Minrosa Himalayan Horse Salt Lick
Minrosa Himalayan Horse Salt Lick is the no-mess, no-measure alternative to provide your horse with the highest quality, free choice salt to supplement their feed and forage.
Containing 84 minerals and trace elements — the highest of any Horse Salt Lick in Australia — our 100% all natural sea mineral Salt Licks are refined from ancient, unpolluted sea water deposits
A superior choice to common salt, which contains only sodium and chloride
A gentler alternative to man-made salt blocks, suitable for soft horse tongues
Natural crystalline mineral salts for improved digestion, absorption and metabolism
Available as a free choice Salt Lick or in granules for easy addition to your horse’s feed
While most horses require around two teaspoons of salt per day, your horse’s individual need for salt will often fluctuate, depending on factors such as diet, level of activity and time of year.
Your horse has a remarkable ability to seek out and regulate their salt intake — and our Himalayan Horse Salt Licks enable your horse to easily consume additional salt in their paddock or stall.
One of the most important minerals in your horse’s diet, salt is essential for hydration and countless functions within the body, including:
- Healthy weight
- Hormone balance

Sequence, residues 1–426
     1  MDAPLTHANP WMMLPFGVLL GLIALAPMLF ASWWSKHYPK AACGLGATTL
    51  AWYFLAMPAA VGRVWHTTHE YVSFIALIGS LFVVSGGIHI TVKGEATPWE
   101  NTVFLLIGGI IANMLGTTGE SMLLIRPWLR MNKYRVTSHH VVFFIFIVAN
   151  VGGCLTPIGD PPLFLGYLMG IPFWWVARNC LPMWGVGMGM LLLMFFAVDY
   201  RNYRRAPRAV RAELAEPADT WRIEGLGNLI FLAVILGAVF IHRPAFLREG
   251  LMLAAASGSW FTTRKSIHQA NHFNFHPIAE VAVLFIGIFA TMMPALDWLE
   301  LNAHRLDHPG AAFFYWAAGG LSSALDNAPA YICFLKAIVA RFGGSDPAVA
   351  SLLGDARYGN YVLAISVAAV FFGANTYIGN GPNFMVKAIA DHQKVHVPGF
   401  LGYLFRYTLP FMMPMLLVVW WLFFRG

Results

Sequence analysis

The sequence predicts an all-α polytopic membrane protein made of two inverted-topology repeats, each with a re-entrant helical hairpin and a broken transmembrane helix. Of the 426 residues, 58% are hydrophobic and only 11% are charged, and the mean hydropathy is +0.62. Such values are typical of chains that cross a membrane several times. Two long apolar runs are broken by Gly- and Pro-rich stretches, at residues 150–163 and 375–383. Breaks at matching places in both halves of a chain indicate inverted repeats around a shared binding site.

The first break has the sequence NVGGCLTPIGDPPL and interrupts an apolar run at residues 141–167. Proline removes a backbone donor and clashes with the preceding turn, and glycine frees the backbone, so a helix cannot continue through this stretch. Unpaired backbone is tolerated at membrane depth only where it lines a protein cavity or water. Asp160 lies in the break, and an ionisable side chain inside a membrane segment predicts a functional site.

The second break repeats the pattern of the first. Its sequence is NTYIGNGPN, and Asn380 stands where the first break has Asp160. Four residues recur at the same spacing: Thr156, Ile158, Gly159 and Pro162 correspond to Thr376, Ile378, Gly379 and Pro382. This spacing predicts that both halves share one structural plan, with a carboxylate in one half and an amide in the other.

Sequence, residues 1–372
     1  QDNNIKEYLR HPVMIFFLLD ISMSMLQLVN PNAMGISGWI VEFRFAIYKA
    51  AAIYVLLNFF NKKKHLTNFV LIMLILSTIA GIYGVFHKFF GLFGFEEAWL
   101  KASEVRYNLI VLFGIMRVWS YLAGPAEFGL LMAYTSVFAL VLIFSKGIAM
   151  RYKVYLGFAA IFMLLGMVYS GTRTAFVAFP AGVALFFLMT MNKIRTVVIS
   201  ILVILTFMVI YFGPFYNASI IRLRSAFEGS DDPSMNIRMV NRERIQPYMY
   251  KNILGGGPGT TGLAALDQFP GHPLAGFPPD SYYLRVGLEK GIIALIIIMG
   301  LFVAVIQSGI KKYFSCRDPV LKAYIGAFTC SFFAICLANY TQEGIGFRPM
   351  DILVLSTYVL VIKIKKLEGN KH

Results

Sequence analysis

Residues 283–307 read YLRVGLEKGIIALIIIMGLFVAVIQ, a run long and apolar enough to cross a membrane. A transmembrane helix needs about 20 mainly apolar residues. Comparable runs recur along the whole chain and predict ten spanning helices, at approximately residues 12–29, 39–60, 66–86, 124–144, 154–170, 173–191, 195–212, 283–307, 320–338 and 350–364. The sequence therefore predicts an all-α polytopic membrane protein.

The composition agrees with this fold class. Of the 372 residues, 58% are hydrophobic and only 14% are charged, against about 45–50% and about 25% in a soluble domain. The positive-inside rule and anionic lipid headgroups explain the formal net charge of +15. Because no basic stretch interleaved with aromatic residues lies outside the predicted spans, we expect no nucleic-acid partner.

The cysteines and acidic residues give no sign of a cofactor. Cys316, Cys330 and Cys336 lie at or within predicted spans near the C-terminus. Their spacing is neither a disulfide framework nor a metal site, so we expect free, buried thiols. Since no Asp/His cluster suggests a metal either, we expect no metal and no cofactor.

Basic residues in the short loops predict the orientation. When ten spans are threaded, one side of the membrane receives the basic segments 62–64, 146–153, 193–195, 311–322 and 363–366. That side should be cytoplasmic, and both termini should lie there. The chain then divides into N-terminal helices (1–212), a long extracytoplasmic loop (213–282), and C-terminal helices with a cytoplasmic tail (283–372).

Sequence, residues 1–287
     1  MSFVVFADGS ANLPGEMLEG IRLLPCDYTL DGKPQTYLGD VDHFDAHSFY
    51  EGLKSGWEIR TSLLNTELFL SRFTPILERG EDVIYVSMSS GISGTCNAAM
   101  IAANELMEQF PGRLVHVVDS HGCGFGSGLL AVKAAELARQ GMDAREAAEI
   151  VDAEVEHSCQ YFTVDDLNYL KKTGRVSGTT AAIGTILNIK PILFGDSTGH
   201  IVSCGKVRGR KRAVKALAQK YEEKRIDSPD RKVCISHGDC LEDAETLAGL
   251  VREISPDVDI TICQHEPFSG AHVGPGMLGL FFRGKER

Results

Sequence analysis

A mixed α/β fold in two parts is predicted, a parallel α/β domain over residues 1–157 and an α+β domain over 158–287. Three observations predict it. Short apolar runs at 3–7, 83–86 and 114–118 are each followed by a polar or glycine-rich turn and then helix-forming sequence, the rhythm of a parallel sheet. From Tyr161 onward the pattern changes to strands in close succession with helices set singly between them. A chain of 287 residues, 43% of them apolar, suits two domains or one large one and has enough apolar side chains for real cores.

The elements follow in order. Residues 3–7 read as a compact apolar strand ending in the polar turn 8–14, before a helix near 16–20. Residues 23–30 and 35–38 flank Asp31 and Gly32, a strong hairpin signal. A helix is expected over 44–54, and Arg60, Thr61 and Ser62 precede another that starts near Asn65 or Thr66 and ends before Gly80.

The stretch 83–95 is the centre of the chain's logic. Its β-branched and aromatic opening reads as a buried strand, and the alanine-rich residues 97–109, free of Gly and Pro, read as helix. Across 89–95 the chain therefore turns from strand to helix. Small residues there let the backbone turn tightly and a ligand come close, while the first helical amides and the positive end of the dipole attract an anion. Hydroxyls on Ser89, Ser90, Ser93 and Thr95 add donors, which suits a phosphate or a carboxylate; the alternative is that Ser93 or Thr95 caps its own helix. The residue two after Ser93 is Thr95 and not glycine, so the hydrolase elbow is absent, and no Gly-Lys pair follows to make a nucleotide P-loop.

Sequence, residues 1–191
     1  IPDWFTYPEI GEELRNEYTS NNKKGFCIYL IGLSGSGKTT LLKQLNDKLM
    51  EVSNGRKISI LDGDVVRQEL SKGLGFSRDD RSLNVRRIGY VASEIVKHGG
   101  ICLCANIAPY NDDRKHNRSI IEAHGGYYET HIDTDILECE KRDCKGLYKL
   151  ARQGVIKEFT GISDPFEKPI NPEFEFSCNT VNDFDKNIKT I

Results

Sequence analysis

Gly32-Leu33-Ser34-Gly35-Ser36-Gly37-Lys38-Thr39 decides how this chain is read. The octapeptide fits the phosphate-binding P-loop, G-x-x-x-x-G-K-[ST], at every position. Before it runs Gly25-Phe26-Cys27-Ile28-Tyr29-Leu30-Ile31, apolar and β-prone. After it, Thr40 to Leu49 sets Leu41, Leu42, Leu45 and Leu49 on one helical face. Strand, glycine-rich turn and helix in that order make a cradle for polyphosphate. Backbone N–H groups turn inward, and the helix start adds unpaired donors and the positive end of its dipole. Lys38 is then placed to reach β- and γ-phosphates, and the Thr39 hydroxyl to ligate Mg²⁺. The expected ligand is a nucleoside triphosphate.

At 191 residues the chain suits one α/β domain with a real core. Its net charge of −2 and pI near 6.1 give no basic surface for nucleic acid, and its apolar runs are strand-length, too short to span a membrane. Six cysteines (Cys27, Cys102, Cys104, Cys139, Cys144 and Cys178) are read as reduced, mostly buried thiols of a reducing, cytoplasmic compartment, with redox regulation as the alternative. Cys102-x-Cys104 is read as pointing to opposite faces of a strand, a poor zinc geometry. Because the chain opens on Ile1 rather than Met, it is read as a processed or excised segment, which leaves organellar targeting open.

- Transmission of glucose
- Blood sugar regulation
- Hoof and coat health
- Body pH balance
- Optimum nerve and musculoskeletal function
While feed and forage contain varying amounts of salt, diet alone is usually insufficient to meet a horse’s daily requirement.
Most horse feeds contain only 0.5-1.0% salt and pasture soils throughout Australia are often low in sodium — providing horses with only half the recommended daily intake.
Supplementation with our range of Horse Salt Licks provides your horse with unlimited access to mineral-rich salt in a convenient, unbreakable block.
The Risk of Salt Deficiency in Horses
Without salt, your horse is at increased risk of dehydration, impaction and colic.
The potential for these problems rises as sodium and chloride are lost through sweat. However, in times of extreme heat, even horses standing idle in the paddock can become salt deficient.
Salt deficiency is often characterised by undesirable behaviours, such as licking or chewing objects that contain traces of salt — an abnormal appetite known as pica.
In cases of severe salt deficiency, the consequences can be dramatic, leading to:
- Unsteady gait
- Difficulty chewing